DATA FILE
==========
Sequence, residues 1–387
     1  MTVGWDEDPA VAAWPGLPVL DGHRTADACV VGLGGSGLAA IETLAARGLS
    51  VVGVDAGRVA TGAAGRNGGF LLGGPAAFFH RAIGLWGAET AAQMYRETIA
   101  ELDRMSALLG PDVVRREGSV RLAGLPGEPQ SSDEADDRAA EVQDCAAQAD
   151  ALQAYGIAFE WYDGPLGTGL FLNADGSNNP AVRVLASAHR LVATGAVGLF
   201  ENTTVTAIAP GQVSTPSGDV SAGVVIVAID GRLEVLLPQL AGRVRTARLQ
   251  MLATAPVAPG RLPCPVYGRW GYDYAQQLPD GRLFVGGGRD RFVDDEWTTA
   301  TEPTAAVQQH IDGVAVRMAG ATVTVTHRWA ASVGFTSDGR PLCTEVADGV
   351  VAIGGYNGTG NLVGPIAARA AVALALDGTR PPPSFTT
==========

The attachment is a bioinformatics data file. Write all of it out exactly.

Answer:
Sequence, residues 1–387
     1  MTVGWDEDPA VAAWPGLPVL DGHRTADACV VGLGGSGLAA IETLAARGLS
    51  VVGVDAGRVA TGAAGRNGGF LLGGPAAFFH RAIGLWGAET AAQMYRETIA
   101  ELDRMSALLG PDVVRREGSV RLAGLPGEPQ SSDEADDRAA EVQDCAAQAD
   151  ALQAYGIAFE WYDGPLGTGL FLNADGSNNP AVRVLASAHR LVATGAVGLF
   201  ENTTVTAIAP GQVSTPSGDV SAGVVIVAID GRLEVLLPQL AGRVRTARLQ
   251  MLATAPVAPG RLPCPVYGRW GYDYAQQLPD GRLFVGGGRD RFVDDEWTTA
   301  TEPTAAVQQH IDGVAVRMAG ATVTVTHRWA ASVGFTSDGR PLCTEVADGV
   351  VAIGGYNGTG NLVGPIAARA AVALALDGTR PPPSFTT